“one of the most effective weapons in the armoury of parliamentary scrutiny”—[Official Report, 13/5/1998; col. 1088.]
and how true that still is today. I certainly feel I have had a weapon at my throat. It is still the case for both committees, and the Government continue to take their work extremely seriously as a central contribution to parliamentary control over the Executive.
On delegated legislation in general, rather than so-called skeleton legislation, the Government must always seek to ensure that there is an appropriate balance between the detail in the Bill and the ability of the Government to deliver for the public, business and the country. Many noble Lords have recognised that that balance has to be struck. The ability to act quickly, the need to ensure that proposals are scrutinised appropriately and the effective use of parliamentary time must also be considered and judgments made. There will inevitably be times when the Government and parliamentarians disagree on how to weigh these considerations, and Governments must always seek to provide Parliament with the justification for their proposed approach. It is a matter of concern that your Lordships so widely feel that this balance is not currently being respected.
I was asked by the noble Lord, Lord Janvrin, why we could not accept the call to declare Bills skeleton Bills. Your Lordships’ report itself noted in paragraph 37 that a precise definition of “skeleton Bill” or “skeleton clauses” would be difficult to prescribe. There was one suggestion that the Speakers might do so, but there is no analogy between Mr Speaker in the other place, who has no authority here, and the Lord Speaker, who has no authority in the other place.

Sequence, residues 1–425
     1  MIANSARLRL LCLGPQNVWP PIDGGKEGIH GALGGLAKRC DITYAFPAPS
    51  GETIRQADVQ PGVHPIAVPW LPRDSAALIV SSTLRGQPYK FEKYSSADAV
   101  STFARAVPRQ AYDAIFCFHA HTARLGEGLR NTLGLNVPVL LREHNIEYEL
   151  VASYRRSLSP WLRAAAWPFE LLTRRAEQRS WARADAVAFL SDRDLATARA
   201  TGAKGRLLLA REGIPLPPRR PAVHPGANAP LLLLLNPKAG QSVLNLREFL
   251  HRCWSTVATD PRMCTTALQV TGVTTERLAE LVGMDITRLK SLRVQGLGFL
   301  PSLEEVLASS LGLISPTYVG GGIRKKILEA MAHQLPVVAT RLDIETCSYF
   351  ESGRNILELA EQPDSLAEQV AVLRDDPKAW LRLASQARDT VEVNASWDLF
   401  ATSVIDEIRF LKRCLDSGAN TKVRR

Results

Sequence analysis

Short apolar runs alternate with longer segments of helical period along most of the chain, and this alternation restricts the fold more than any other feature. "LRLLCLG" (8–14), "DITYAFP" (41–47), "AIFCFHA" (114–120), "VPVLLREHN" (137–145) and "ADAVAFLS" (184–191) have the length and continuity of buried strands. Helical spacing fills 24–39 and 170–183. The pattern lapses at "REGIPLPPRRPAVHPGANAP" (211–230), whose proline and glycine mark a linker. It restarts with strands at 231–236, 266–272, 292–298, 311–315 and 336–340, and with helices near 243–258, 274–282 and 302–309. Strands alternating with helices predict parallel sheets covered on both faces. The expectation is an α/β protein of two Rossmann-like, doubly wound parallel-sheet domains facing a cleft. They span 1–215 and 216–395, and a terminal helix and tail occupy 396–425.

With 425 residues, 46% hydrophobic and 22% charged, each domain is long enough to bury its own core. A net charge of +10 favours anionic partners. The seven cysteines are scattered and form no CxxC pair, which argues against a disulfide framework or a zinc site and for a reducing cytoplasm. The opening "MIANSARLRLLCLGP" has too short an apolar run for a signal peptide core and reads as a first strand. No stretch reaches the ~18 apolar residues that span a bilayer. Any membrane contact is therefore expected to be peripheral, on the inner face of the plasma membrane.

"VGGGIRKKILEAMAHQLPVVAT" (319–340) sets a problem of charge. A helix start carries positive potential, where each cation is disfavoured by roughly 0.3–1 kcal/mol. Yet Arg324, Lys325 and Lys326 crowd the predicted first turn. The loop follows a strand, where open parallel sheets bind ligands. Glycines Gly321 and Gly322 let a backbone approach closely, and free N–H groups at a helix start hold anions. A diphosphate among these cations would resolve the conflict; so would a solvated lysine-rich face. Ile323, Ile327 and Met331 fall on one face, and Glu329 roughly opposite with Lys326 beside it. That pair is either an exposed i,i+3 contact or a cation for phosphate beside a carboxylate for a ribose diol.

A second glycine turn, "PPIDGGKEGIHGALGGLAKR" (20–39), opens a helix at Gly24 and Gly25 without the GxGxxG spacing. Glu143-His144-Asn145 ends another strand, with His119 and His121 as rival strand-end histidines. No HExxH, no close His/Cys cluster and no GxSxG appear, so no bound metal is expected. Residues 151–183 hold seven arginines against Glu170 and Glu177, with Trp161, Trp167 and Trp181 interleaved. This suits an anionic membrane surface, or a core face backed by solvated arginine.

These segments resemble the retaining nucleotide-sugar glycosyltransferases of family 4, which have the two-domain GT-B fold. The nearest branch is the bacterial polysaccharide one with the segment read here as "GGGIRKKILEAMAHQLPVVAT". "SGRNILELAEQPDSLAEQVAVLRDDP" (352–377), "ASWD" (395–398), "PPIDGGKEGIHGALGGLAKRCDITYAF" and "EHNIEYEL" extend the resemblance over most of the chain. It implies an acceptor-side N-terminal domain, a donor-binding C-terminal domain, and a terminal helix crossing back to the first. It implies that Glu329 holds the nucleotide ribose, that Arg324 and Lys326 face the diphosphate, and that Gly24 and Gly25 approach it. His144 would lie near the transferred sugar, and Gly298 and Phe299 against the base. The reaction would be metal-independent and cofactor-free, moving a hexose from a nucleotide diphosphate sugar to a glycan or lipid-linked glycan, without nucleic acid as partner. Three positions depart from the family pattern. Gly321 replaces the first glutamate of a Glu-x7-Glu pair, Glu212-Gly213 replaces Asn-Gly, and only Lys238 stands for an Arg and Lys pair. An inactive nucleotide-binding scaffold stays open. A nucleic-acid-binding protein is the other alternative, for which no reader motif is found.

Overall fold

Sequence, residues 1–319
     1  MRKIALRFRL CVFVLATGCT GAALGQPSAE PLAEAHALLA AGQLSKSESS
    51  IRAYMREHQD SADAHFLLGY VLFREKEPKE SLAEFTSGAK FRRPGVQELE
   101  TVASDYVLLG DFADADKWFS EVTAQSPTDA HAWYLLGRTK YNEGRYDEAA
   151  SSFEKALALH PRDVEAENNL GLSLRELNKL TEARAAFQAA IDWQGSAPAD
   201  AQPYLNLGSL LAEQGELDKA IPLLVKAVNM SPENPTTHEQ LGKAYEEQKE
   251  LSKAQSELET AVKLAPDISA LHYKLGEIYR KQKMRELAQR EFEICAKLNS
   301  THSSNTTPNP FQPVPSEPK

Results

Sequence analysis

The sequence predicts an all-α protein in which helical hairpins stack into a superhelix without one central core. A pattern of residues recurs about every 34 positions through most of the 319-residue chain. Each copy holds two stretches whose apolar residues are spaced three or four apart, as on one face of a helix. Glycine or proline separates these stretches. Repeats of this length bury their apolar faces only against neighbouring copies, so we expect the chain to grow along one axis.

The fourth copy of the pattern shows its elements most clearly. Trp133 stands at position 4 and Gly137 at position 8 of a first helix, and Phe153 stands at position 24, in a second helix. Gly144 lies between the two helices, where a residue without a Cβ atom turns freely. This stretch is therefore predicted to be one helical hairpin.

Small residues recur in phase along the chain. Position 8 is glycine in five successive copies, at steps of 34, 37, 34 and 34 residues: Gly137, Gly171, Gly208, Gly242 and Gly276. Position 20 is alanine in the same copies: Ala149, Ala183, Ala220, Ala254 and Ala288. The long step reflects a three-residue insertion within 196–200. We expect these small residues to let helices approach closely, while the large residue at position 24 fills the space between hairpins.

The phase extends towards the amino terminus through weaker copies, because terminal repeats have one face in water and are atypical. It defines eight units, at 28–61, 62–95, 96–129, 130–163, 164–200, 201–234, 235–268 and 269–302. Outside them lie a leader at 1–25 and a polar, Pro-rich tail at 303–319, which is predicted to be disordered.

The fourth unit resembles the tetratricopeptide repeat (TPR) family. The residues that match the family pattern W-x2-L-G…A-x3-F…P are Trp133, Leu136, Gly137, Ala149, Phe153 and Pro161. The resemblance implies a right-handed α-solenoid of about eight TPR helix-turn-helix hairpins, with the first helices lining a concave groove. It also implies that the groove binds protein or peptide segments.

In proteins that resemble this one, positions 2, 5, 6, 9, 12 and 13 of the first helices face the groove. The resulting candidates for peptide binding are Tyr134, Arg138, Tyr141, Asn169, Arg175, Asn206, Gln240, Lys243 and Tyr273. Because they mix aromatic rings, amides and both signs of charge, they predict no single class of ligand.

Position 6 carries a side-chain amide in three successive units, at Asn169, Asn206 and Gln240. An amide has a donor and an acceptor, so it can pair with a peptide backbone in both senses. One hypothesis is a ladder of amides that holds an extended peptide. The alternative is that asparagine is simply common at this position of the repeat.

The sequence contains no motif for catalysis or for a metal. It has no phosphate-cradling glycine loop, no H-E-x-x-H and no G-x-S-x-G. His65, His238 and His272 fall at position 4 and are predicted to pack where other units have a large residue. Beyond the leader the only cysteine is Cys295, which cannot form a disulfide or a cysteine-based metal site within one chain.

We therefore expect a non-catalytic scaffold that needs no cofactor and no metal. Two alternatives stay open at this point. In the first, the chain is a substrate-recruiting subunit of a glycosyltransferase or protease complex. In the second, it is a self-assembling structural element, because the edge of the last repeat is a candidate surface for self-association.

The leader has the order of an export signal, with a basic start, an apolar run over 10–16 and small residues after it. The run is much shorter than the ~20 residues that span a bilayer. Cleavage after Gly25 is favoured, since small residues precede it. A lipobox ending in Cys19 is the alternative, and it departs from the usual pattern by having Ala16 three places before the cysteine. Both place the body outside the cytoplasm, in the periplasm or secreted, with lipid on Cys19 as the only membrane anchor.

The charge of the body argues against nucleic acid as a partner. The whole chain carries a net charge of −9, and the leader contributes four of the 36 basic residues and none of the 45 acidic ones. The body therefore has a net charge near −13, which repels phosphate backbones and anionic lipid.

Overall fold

Surely, what is more important than defining Bills of this type is that the Government should bring forward legislation in orderly time, effectively drafted, to fulfil their policy intent. With it, the Government should publish a full justification for any delegated powers they are requesting. Governments must work productively to ensure that Parliament has everything it needs to hold government to account. If the Government do not do that, they are not doing what they ought to be doing. Noble Lords are outstanding in their ability to scrutinise legislation and are pretty fast in sussing out when departments have not done all they need to do, and I will undertake, as Leader of your Lordships’ House, to try to be on the case.